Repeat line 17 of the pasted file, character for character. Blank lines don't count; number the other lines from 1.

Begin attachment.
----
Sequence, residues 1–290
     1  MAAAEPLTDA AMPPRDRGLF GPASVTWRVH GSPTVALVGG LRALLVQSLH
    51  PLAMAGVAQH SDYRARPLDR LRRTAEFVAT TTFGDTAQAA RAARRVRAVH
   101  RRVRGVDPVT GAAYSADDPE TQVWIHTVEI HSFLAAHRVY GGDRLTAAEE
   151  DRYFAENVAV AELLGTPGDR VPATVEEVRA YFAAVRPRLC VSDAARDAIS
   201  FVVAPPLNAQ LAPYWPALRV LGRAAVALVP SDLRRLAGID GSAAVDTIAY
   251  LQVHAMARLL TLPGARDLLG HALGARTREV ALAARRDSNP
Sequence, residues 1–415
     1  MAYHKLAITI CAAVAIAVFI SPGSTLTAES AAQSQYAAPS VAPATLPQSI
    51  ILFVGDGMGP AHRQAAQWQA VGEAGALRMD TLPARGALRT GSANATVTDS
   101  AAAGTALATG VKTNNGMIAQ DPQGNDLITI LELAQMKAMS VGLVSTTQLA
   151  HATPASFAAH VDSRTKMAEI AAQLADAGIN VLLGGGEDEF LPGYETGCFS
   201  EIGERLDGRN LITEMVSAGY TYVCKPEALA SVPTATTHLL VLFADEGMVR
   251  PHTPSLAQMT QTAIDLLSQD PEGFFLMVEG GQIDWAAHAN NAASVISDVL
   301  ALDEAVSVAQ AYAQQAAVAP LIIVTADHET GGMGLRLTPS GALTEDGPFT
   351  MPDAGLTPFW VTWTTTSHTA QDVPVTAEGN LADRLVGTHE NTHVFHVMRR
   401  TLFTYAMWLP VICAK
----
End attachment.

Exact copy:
   401  TLFTYAMWLP VICAK